Age at diagnosis: 26
Brief outline: Joey had some extended periods of low mood earlier in his life, but the first time he experienced serious depression was at age 25. He was stuck in patterns of socializing, drinking and minimal self-care that worked well for him while in college, but pulled him down in later years. Therapy, adopting more functional life skills, and regular contact with other people have been the biggest help.
Background: Joey lives in an apartment in an artists’ building in an urban area near where he had gone to college. He works part time in retail stores and is a musician. He is White.
Depression runs in Joey’s family and his mom had it while he was growing up, so he was aware of it from an early age. Before graduating from college, though, Joey never felt like his periods of being down or just not being an optimist were a big deal. The depression that “slowly crept in like after college” was different. Nothing he could think of sounded like fun, he no longer believed anything good was possible, and he was treating himself “like crap” by not eating well, cleaning up his apartment, or exercising. In addition, every thought he had in his head “was a negative thought”. He was hanging around with the same friends he had made in college, but without the structure and sense of “working for something” that were integral to being in school, the pattern of getting together, drinking beer and complaining became severely depressing. Unlike other times when he felt low and it resolved on its own, this time things got worse the more Joey “ignored the feeling”.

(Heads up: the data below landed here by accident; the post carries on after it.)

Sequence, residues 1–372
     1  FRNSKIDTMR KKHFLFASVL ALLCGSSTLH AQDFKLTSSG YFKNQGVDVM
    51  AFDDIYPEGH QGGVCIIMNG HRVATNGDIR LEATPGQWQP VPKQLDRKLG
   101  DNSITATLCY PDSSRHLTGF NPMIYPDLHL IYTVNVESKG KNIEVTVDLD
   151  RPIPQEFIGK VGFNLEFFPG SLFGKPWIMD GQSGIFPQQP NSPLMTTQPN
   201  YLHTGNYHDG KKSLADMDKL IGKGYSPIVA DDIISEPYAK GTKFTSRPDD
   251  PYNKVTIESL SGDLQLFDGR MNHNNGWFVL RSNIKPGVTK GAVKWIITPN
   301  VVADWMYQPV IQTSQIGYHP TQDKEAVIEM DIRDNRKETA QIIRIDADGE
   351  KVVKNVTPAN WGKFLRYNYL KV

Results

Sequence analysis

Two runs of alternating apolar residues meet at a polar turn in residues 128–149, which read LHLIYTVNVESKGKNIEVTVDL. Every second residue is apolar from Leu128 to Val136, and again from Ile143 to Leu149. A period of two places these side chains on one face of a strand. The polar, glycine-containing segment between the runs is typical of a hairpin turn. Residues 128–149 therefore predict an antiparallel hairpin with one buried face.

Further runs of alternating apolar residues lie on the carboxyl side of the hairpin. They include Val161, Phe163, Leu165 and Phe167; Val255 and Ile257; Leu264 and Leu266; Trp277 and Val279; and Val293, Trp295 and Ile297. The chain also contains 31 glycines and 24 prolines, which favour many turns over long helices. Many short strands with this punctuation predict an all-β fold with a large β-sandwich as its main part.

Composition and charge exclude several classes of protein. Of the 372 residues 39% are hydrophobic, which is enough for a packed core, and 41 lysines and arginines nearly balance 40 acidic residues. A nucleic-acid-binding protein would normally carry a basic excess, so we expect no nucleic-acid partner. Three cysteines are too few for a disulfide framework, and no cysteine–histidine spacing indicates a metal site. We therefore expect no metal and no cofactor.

Joey’s family lives a long drive away, but they kept in good touch with Joey. With their encouragement during visits and on the phone, Joey came to realize something serious was going on and he needed to get some help. He went to his doctor, who practices holistic medicine, and things got better pretty quickly. He visited the doctor regularly to check in, and together they focused on improving very concrete self-care practices like having regular meals, changing sheets on the bed, and other “grown-up” things he somehow “hadn’t gotten the memo” about doing. Knowing his doctor would be checking in on these things at regular intervals made a big difference in his ability to “get some things together”. He also stopped being unemployed and got a job working at a store, which put him in regular contact with other people and helped a lot because “talking to people is good” even if they are strangers.
Joey took medication for six months, and believes it was one of the things that helped him to get out of bad depression and become “more productive”. At the same time, he felt like when he was on medication “there was some edge that was gone”, and his emotional spectrum became constricted. He weaned himself off medication and is doing fine without it so far. Making music is really important to Joey, and he is trying to spend time doing it every day. He feels like “insane modern society,” with its fast pace, technological focus, and need for multi-tasking, is something he is “not good at… at all”. However, he is coping well, and feels like “for the most part” he is “over the mountain” of depression and unlikely to “fall back into the darkness at least any time soon”.
Other young adults with depression should definitely talk to a professional and their loved ones, Joey advises. They should also realize that “it’s a solvable problem… You don’t have to feel shitty for the rest of your life…. It’s definitely going to take longer than you want it to take… and maybe you’re not going to feel perfect right at the gate, but it can get better”. For Joey, leaning “to be proactive in taking care of myself and like running my own life” was a critical part of feeling better. Now that he is feeling better, Joey is motivated to help other people “in the midst of a depression because that sucks” and is demoralizing but he knows healing is possible.
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